Literature on public and private firms has traditionally focused on the efficiency effects of differing firm ownership, although the literature has been largely dormant since the 1980s. State-led development models in Asia and Latin America warrant continued analysis of this fundamental issue in International Political Economy. This paper attempts to frame debate on natural resource governance by identifying the factors that affect the mix of public and private firms in extractive industry. Historical institutionalism is used as a framework for analyzing policy change, and political economy theory of governance institutions is compared to the traditional economic theory of the firm. Analyzing the lithium industry in Chile and Bolivia as a case study, this paper suggests that temporal factors like historical stability of economic modeling and the sustained protection of property rights are critical in determining the optimum mix of public and private firms. This paper synthesizes existing scholarly contributions with original fieldwork gathered in the region.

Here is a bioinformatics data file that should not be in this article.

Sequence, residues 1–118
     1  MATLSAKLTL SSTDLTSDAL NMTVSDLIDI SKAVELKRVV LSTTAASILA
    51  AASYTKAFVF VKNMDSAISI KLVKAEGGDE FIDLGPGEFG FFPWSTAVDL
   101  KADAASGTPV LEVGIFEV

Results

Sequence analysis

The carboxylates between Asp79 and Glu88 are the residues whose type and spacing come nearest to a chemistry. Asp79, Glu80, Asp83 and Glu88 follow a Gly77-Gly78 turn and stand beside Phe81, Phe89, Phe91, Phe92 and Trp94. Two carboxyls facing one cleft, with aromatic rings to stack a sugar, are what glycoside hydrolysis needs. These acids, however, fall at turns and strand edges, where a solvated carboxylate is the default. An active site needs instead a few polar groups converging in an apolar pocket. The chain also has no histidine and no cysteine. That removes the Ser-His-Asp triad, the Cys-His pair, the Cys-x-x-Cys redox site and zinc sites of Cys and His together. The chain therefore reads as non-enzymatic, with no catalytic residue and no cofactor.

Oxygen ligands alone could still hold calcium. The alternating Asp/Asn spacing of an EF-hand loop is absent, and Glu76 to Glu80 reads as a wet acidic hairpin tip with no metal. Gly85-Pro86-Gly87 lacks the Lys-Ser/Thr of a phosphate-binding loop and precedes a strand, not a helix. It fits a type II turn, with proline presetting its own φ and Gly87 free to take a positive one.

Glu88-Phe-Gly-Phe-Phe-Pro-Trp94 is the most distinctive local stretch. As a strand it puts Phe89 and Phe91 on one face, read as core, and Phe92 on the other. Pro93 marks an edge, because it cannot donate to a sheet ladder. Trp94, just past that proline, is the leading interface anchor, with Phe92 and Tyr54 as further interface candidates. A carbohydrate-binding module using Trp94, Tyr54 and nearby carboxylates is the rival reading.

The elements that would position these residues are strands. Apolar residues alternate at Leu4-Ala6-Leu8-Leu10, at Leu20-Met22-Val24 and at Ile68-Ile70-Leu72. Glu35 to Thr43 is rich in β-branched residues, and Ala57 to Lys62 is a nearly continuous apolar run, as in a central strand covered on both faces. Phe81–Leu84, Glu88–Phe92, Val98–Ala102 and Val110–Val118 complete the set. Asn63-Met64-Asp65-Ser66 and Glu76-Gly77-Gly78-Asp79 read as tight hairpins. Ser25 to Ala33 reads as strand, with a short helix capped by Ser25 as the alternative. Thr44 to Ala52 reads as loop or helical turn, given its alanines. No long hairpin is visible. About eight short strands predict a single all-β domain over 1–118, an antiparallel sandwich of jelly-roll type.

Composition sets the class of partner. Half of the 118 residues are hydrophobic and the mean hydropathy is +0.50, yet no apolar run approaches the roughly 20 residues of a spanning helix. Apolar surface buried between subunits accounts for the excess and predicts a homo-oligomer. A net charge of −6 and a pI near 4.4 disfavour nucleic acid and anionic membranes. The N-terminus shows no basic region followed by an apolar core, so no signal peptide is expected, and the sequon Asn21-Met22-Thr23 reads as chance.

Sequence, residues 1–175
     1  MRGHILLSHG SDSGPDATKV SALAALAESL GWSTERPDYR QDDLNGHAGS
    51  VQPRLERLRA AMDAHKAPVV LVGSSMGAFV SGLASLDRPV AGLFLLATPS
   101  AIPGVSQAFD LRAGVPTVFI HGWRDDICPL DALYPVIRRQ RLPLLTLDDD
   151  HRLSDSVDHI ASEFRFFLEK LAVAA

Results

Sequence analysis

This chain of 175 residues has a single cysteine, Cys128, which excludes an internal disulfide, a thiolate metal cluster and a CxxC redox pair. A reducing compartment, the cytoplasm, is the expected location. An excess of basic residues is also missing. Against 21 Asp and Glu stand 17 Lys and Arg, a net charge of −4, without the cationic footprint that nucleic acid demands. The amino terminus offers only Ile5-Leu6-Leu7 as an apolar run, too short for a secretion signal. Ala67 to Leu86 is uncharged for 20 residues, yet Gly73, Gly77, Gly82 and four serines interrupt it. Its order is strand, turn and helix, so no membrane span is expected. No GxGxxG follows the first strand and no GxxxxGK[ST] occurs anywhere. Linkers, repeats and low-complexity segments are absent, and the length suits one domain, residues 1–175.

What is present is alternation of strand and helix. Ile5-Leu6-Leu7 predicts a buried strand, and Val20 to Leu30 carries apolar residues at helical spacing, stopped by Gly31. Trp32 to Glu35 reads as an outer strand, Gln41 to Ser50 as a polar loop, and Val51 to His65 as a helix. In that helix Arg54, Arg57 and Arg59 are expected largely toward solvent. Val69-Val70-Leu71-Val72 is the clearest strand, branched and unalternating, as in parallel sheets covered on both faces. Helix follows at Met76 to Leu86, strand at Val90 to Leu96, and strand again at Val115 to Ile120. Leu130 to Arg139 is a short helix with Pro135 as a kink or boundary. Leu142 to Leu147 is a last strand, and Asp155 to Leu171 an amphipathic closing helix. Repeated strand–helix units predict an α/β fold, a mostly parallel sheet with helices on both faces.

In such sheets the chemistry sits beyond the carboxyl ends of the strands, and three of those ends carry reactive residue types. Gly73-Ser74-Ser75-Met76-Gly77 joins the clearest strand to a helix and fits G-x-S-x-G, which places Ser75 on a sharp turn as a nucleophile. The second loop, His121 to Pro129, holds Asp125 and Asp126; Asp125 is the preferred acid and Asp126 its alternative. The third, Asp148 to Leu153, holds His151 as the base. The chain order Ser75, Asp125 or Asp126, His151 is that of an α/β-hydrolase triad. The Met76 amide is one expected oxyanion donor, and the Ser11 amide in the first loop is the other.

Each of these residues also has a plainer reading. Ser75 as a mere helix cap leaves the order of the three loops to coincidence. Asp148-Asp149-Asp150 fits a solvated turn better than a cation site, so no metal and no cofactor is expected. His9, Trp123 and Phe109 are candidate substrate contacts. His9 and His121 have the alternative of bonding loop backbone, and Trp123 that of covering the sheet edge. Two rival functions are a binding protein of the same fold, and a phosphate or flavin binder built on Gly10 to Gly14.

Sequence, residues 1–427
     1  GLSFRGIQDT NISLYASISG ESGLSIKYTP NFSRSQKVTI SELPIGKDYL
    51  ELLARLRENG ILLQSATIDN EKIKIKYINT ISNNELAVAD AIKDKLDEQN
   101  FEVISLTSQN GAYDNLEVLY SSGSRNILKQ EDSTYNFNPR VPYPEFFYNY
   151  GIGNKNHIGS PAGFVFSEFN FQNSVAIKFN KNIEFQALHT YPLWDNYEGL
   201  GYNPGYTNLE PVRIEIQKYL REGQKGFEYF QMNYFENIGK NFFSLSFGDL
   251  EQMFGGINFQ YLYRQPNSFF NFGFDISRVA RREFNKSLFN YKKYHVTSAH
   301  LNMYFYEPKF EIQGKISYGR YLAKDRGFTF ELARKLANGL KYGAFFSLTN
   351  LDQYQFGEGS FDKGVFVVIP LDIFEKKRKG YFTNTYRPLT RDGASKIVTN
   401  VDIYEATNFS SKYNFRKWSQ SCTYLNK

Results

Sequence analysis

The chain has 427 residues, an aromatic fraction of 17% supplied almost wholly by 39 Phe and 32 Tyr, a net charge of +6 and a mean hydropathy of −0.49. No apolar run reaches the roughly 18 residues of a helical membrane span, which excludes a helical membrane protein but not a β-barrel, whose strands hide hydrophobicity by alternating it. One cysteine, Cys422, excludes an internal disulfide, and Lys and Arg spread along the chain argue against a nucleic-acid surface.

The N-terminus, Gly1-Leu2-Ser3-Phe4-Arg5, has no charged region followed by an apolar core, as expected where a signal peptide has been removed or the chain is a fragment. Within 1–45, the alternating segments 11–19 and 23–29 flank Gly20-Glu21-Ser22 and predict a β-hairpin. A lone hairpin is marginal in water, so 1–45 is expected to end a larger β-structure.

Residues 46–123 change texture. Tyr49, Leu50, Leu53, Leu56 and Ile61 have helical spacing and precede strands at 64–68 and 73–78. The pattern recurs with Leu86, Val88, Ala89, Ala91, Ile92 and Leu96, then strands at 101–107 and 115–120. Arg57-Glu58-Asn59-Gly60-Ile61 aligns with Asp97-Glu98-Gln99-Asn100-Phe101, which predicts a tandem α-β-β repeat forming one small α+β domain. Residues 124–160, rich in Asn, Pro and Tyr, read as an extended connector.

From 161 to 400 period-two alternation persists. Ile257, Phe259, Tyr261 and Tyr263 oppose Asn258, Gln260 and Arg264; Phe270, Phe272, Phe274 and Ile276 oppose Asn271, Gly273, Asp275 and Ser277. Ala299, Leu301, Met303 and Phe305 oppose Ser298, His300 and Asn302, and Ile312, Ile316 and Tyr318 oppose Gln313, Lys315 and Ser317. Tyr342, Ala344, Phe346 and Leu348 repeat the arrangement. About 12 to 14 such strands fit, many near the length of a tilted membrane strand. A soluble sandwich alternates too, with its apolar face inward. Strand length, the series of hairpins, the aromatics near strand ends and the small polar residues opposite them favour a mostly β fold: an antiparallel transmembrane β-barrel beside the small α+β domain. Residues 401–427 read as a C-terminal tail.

Knape, Mike, "Public and Private Firms in Natural Resource Industry: Comparing the Development of the Lithium Industry in South America" (2012). International Political Economy Theses. 3.